On November 3, the GON announced the final results of assessments conducted in areas affected by Hurricane Beta. According to the GON, Beta displaced 2,580 persons and damaged or destroyed 506 homes in the municipalities of Desembocadura del Rio Grande, Laguna de Perla, and Tortugero in Autonomous Region of the South Atlantic (RAAS). The most affected communities are Karawala, Kara, La Barra, Sandy Bay Sirpe Sur, and Walpa, in Desembocadura del Rio Grande Municipality.
According to the GON, Beta caused extensive damage to public infrastructure, including 12 churches, 10 schools, 5 health centers, 194 latrines, 115 wells, and 2 water tanks. Communities’ livelihoods were also impacted as residents lost fishing equipment and 250 hectares of beans, maize, yucca, and plantains. The GON reported that urgent needs include food, medicines, potable water, sanitation facilities, and shelter materials.
In addition to the damage caused by Beta, above-normal winter rains along Nicaragua’s Atlantic Coast overflowed the Coco River in RAAN Department. On November 3, the GON reported that 4,780 persons from the RAAN municipalities of Puerto Cabezas, Prinzapolka, and Waspan remained in 14 shelters.
Tropical Storm Stan caused flooding and landslides in the departments of Esteli, Chinandega, and Jinotega, forcing approximately 840 people to evacuate to shelters. In addition, extensive rainfall destroyed crops and food supplies in 14 communities in the Municipality of Waspam, RAAN Department, severely affecting 4,450 people.
On October 28, CONRED reported that Tropical Storm Stan caused 669 deaths, with an additional 844 missing; directly affected 474,928 people; and damaged or destroyed 34,968 homes. As of October 28, there were 296 shelters serving residents from 1,100 communities.
On November 9, the Economic Commission for Latin America (CEPAL), in coordination with the GOG, released the results of a comprehensive sector-by-sector evaluation of damages caused by Tropical Storm Stan. According to the GOG, the economic damages caused by Stan totaled more than $985 million (or 7,472.7 Guatemalan Quetzals). The CEPAL evaluation will be used as a framework for GOG and donor reconstruction efforts.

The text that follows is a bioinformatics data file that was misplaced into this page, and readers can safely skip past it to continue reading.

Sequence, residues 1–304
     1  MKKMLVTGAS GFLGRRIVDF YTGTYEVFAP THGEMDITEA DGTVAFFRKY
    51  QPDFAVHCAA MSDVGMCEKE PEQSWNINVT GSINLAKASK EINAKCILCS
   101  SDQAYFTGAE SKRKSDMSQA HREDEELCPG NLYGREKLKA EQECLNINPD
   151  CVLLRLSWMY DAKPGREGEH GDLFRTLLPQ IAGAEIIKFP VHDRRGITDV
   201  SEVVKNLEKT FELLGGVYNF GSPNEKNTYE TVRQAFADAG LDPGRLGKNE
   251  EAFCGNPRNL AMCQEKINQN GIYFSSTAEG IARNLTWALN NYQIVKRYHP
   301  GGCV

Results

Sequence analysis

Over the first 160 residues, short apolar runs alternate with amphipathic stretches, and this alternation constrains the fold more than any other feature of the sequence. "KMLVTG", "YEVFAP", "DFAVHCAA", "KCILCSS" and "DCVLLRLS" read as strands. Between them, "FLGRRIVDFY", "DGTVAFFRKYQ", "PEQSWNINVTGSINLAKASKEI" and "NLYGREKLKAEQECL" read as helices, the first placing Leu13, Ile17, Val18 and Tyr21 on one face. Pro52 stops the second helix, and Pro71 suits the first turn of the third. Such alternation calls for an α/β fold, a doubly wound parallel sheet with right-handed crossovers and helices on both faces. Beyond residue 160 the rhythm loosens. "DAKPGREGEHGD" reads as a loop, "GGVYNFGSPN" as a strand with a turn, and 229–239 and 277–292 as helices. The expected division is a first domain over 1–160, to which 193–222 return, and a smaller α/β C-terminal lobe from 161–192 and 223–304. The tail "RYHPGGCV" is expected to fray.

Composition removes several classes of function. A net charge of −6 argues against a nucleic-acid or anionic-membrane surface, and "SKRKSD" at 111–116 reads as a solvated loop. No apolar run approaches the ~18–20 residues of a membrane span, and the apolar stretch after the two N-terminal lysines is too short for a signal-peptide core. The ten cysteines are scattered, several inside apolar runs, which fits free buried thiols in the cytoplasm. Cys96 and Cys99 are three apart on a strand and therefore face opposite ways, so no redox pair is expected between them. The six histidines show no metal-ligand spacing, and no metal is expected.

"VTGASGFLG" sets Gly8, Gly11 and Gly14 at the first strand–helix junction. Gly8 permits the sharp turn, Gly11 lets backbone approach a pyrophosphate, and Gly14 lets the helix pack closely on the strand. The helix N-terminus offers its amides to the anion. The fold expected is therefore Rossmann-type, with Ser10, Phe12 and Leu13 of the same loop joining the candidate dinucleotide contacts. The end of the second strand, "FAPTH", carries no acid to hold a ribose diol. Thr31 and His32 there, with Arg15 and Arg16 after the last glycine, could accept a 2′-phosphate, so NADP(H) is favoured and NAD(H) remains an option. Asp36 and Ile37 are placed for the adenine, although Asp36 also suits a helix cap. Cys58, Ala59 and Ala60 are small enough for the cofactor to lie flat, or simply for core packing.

In early October, Tropical Storm Stan flooded the states of Veracruz, Chiapas, Oaxaca, Tabasco, Puebla, Hidalgo, and Guerrero, killing 15 people, displacing 370,000, and affected approximately 1.5 million, according to OCHA.
On October 25, OCHA reported that Hurricane Wilma caused severe flooding across Quintana Roo and Yucatan states, killing 7 people, affecting more than 1 million, and displacing approximately 300,000 people in Cancún alone, according to OCHA.
Two simultaneous emergencies in the first week of October—the severe flooding caused by Tropical Storm Stan and the eruption of the Santa Ana volcano—caused 69 deaths and affected roughly half of the country. Flood damage to housing and public infrastructure was particularly severe in the departments of San Miguel, Usulután, San Salvador, and Sansonate.
Extensive rainfall in late September flooded areas in the provinces of Alajuela, Cartago, Guanacaste, Heredia, Puntarenas, and San José, forcing more than 1,000 residents of 459 communities to evacuate to local shelters.
The Cuban National Civil Defense reported that Hurricane Dennis made landfall in central Cuba on July 8, killing 16 people, damaging or destroying more than 58,000 homes, and leaving an estimated 73,000 people homeless.
On October 22, the outer bands of Hurricane Wilma passed over western Cuba, bringing 10 consecutive days of rainfall that flooded 11 out of 14 provinces and resulted in 700,000 evacuations. Concurrently, rains from Tropical Storm Alpha flooded the eastern provinces.
On October 24, Hurricane Wilma passed through the northern islands of the Bahamas with 100 mile per hour winds and 15 foot storm surges. According to Bahamian National Emergency Management Agency (NEMA), the hurricane displaced 1,500 people, damaged or destroyed more than 200 homes, and caused extensive damage to public infrastructure.
According to the Government of Haiti, flooding from Hurricane Dennis in early July killed 40 people and affected 15,000 residents in the southern peninsula of Haiti.
Strong wind and heavy rains from Hurricane Emily impacted the northern parishes of St. Andrew's and St. Patrick's and the outer islands of Carriacou and Petit Martinique, forcing more than 1,650 people to seek refuge in shelters.
* The 2005 hurricane season lasts from approximately early June to late November, 2005.
(1) The U.N. Office for the Coordination of Humanitarian Affairs (OCHA)
(2) Total USAID/OFDA FY 2005 assistance for the 2005 hurricane season was $291,119. Total FY 2006 USAID/OFDA assistance for the 2005 hurricane season was $6,069,617.
(3) Total USAID FY 2005 assistance for the 2005 hurricane season was $291,119. Total USAID FY 2006 assistance for the 2005 hurricane season was $12,185,017.
(4) This includes staff deployed in response to multiple disasters.
(pdf* format - 86 KB)